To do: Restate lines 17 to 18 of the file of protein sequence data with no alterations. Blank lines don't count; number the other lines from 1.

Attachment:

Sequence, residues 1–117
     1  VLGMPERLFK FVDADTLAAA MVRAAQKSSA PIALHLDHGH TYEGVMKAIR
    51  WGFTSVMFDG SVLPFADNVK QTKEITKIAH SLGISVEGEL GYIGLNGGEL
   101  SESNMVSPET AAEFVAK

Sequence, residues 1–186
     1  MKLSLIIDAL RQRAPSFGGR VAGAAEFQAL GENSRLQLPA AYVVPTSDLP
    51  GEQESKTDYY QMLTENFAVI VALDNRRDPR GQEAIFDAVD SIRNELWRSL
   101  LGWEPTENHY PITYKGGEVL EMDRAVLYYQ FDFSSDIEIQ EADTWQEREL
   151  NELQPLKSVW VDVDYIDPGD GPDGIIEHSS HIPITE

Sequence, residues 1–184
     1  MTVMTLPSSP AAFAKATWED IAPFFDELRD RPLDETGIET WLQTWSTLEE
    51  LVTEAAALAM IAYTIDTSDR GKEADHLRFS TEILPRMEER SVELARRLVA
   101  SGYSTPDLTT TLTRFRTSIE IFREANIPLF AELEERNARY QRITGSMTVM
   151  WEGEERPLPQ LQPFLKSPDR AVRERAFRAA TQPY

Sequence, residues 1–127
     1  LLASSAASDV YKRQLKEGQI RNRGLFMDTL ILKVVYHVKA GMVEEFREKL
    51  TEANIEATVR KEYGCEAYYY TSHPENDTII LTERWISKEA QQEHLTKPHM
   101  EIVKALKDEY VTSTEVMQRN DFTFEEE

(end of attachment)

    51  TEANIEATVR KEYGCEAYYY TSHPENDTII LTERWISKEA QQEHLTKPHM
   101  EIVKALKDEY VTSTEVMQRN DFTFEEE